Alaska to compensate fliers caught in computer outage
Ellensburg resident Jim Rowe and his family had hoped to fly home Saturday after vacationing in Disneyland for spring break. Instead, they've spent several...
Seattle Times travel writer
What to doAlaska Airlines and Horizon Air are advising passengers affected by the flight delays and cancellations to contact the airlines' customer-service department with flight details and information on how their travel was disrupted. Go to www.alaskaair.com, click on "Travel Advisory," scroll to the bottom and click on "Customer Care Team."
Passengers with reservations this week are advised to check their flight status at www.alaskaair.com.
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Ellensburg resident Jim Rowe and his family had hoped to fly home Saturday after vacationing in Disneyland for spring break. Instead, they've spent several nights in a Los Angeles airport hotel, racking up big bills and missing school and work.
The family is among at least 12,000 Alaska Airlines and Horizon Air passengers whose travel was disrupted by a computer-system outage that caused the airlines to cancel 150 flights over the weekend.
Some, such as Rowe, his wife, Shannon, and their children, ages 2 and 7, are still waiting to fly home.
"This has cost us more than our vacation," Rowe said from Los Angeles, where the $110 nightly rate he had been paying for a room over the weekend jumped to $280 Monday.
Alaska Airlines spokeswoman Bobbie Egan said the airlines are working out a plan to compensate affected passengers.
"We're going to make it right for our customers, no matter what," she said. But the first priority, she said, is to get everyone to their destinations.
With most planes flying at or near capacity, "there are some instances of people still waiting for flights out on Tuesday," Egan said, or in the Rowe family's case, Wednesday.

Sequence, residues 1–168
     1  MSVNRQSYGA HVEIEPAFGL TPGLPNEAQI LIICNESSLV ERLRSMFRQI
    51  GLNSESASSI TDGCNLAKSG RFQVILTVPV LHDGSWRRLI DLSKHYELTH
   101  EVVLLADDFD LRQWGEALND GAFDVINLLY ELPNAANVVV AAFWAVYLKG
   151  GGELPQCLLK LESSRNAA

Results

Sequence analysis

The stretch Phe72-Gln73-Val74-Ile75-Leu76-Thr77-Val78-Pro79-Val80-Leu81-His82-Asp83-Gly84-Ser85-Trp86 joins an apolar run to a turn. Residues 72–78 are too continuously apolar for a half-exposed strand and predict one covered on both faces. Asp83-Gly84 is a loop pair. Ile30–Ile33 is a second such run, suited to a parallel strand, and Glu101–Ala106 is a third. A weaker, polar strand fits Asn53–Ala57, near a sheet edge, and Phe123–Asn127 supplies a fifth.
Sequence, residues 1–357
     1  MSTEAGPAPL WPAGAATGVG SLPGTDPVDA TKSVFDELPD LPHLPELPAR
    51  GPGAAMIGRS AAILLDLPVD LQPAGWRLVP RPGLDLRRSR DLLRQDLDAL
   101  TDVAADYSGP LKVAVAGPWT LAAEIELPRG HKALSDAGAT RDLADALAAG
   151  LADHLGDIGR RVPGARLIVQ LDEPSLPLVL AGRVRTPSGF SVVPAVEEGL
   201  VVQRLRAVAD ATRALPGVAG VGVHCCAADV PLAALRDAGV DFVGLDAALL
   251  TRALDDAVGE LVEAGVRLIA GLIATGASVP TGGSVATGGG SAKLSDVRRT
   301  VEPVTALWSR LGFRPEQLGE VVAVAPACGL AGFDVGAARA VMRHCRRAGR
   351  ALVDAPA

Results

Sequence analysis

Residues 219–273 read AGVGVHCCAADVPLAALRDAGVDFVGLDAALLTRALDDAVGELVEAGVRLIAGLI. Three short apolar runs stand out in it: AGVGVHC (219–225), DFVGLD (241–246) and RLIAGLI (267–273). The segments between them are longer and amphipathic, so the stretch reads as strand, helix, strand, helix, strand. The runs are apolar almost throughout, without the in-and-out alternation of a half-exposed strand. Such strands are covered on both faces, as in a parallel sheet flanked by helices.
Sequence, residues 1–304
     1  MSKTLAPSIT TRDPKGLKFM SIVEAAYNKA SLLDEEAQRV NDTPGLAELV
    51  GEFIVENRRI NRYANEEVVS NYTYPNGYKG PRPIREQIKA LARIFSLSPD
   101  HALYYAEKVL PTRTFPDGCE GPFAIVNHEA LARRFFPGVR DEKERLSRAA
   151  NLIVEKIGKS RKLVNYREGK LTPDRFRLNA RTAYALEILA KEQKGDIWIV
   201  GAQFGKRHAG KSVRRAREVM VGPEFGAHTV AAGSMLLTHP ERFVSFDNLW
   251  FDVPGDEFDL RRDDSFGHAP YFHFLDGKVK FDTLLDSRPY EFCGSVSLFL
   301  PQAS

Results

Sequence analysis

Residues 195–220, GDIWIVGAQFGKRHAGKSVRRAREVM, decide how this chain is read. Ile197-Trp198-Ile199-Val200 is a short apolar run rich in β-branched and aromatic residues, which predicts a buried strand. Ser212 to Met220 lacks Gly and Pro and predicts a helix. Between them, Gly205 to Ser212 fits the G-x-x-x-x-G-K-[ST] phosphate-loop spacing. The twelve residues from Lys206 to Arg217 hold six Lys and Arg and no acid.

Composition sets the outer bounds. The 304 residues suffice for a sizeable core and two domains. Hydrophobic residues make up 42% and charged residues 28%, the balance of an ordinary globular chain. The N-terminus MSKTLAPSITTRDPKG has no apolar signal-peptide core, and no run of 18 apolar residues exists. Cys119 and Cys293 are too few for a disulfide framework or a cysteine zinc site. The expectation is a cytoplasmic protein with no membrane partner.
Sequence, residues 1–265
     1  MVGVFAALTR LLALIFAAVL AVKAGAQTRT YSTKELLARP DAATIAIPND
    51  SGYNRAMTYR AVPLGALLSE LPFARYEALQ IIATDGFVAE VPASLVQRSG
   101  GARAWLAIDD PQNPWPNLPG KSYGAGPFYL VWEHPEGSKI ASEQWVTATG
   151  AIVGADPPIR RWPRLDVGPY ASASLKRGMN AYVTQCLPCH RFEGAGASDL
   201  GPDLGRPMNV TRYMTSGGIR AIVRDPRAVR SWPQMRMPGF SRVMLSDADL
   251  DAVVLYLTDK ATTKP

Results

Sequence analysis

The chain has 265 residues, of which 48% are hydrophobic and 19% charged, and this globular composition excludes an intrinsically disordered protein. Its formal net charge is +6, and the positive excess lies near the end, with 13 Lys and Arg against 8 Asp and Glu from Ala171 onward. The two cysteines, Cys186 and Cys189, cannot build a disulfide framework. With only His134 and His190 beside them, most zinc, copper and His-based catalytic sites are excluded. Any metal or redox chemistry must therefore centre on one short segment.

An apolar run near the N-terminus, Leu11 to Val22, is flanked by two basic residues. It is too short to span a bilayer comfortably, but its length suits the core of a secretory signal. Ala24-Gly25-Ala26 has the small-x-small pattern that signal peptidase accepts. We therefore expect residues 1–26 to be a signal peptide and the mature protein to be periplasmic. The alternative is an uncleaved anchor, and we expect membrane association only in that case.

Over the weekend, Alaska and Horizon offered either refunds or the chance to rebook with no penalty on their flights or those of other airlines. But Rowe and others who posted comments on Alaska's Facebook page complained about not being offered more.
"My family has not been offered any help at all other than finding us a later flight at no extra charge," Rowe wrote.
"So my kids miss school, I miss work and lose income and (all) they do on YouTube video is say they are doing everything possible. "
In a letter of apology emailed to customers Monday, Alaska and Horizon executives asked passengers to fill out a form on www.alaskair.com with details of how their travel was disrupted. They promised a follow-up within two weeks.
"We don't yet have specifics on what will be involved," Egan said. "It will vary based on the length of the delay or cancellation and how quickly we could get them on another flight."
Contrary to popular belief, airlines are not required by federal law to compensate passengers whose flights are delayed or canceled, according to the Department of Transportation. Airlines have differing policies.
Beyond offering refunds for canceled flights, or rebooking without penalties, Alaska and Horizon, its sister airline, say they are working on a plan to compensate passengers whose flights were affected by the computer breakdown.
Compensation most likely will come in the form of certificates good for future travel, fare discounts or reimbursements for expenses such as meals and lodging.
Egan said the outage occurred when a transformer blew and knocked out the company's computer system for creating flight plans. Technicians had been trying to install a backup power supply for the system.
About 18 percent of Horizon and Alaska schedules for Saturday were affected.
Brett Snyder, author of the Cranky Flier blog, gave Alaska and Horizon credit for communicating well with passengers via Facebook and Twitter.
He said it's not unusual for airlines to sort out compensation after the fact.
"When something like this happens, it's awful," he said. "You have cancellations, people missing connections. What you have to do is get people where they need to go. The customer, of course, wants something done right away, but the reality is that there are 100 people waiting in line behind that passenger who want to get somewhere."
Carol Pucci: 206-464-3701
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